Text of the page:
First, thinking that a political “vision” of the territory’s future means no need for a professional market study.

Reducing place branding or marketing to only communication actions.

The fatal error of letting people believe that we serve a territory, when in reality we serve an institution and its leaders, and think that nobody will notice it!

Betting on “doing like others” – places are unique, so copy/paste approaches should be avoided.

Being satisfied with the place’s representation based on strong economic performance or good position in magazine rankings. Such ranking positions are unlikely to last forever, and competing cities or regions will very likely have similar figures to present. The only real competitive advantage is the “revelation” of the territory’s “soul”, which can’t be used by competitors.

Not thinking about your target market: developing places and offers without taking into account actual demand is a widespread mistake.

Do you think technology has a role in city marketing?

Websites and social media certainly play a role in that they help places to connect their brand proposition with their target audiences, by means of triggering emotions, stirring anticipation or encouraging commitment.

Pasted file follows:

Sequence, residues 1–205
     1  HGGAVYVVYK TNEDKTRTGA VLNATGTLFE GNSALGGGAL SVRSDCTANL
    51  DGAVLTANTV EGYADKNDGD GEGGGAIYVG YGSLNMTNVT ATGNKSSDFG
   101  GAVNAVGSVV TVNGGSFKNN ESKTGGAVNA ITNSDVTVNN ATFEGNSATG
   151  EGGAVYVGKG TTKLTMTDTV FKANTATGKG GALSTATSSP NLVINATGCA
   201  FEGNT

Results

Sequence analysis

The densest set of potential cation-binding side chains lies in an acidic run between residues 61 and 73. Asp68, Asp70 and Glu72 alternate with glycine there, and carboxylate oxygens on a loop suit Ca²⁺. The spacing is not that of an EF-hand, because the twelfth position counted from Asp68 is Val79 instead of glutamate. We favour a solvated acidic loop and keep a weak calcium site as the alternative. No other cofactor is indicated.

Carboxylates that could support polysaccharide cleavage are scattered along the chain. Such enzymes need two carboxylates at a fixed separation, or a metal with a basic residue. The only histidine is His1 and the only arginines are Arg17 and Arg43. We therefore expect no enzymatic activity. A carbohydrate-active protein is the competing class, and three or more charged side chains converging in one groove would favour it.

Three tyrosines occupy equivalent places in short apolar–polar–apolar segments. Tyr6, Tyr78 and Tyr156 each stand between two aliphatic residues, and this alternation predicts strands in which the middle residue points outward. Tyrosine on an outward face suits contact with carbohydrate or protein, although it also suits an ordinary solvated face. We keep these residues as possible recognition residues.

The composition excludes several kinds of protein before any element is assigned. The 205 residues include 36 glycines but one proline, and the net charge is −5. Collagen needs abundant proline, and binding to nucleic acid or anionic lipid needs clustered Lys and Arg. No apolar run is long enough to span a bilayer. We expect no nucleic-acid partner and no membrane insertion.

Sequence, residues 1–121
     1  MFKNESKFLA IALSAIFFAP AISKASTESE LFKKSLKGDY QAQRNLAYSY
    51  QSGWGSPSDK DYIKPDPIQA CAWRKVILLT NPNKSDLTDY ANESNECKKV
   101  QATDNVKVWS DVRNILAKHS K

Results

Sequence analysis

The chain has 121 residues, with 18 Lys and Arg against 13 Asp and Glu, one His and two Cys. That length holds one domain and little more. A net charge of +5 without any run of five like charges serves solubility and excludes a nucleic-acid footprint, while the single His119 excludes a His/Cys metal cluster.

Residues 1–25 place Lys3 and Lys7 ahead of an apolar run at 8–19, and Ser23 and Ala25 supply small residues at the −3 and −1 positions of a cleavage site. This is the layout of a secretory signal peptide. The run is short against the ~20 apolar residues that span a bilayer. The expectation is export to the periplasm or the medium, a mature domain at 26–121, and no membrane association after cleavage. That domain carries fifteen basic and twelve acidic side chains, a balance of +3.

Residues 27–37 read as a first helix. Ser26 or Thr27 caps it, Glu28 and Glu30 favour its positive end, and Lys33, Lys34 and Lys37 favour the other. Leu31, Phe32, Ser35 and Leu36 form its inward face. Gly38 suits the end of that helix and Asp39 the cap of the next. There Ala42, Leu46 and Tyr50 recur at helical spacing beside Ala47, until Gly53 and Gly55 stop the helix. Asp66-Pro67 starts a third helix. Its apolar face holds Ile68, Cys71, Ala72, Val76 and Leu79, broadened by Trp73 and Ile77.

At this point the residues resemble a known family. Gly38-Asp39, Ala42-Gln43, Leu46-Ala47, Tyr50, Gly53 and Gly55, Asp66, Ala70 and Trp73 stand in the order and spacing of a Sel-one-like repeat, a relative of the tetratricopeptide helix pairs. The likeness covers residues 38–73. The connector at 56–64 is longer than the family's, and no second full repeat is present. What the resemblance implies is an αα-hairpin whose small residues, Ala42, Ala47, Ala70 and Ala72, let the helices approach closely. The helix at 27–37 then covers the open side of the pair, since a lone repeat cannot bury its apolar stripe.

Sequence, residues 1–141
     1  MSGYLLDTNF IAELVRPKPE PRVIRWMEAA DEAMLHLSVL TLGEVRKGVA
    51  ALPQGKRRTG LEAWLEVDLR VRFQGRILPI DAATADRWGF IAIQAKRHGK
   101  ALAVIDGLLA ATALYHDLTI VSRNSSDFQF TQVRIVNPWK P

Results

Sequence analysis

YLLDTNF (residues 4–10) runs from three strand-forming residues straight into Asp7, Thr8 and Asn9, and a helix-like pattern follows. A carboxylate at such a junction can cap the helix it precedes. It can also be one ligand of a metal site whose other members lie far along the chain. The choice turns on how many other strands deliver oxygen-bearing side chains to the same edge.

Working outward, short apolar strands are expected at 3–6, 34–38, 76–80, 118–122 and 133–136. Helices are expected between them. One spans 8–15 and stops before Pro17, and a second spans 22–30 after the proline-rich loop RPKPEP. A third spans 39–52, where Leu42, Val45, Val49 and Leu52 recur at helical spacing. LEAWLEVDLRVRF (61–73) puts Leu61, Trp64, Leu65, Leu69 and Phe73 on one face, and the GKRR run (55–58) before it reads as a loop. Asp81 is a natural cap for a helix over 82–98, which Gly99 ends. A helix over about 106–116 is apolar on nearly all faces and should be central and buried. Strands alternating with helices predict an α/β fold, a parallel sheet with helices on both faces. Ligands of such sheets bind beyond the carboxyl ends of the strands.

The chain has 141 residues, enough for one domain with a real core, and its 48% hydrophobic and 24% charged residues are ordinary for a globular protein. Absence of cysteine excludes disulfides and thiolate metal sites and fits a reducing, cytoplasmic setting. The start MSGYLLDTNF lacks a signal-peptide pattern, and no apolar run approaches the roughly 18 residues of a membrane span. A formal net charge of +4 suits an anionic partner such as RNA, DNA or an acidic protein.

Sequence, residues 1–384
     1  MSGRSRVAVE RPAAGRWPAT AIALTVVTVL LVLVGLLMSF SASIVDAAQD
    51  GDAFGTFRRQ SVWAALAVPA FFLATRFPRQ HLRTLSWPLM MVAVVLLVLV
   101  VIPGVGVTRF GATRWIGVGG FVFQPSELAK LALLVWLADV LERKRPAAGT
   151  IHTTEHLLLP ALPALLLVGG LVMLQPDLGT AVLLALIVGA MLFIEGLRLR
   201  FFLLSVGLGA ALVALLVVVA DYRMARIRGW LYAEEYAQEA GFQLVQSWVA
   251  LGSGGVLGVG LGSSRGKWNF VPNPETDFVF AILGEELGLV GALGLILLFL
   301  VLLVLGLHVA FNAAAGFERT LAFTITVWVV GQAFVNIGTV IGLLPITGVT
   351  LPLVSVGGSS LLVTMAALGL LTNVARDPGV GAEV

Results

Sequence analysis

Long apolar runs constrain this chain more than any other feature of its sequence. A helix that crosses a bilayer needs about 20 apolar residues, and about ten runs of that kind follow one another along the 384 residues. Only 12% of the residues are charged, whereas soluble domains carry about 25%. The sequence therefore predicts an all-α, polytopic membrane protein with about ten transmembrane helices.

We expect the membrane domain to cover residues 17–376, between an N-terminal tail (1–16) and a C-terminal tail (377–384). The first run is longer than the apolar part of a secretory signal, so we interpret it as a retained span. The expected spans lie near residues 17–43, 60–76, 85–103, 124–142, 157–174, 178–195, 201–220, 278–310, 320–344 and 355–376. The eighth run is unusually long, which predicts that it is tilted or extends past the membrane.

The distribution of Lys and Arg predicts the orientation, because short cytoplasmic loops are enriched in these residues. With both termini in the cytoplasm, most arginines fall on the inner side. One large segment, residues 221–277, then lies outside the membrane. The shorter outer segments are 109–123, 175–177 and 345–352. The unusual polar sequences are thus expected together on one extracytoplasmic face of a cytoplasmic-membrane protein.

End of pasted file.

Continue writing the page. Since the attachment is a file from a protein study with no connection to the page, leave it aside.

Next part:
Could you share with us some of your favorite projects that have enriched your experience as a place marketing expert?

I really enjoyed the campaign “Awaken the guy in you” from the city of Brive-la-Gaillarde, including the mobilization of the population around values specific to this territory.

I also liked the “Go West” campaign in summer 2017 by the French region of Brittany. Hundreds of visuals were created by the population.

I also want to mention the Lodévois and Larzac communities, which since several years are involved in the “slowbizz”, using humor to differentiate themselves from many other territories in France.

Thank you, Marc.

Connect with Marc Thébault on LinkedIn or Twitter.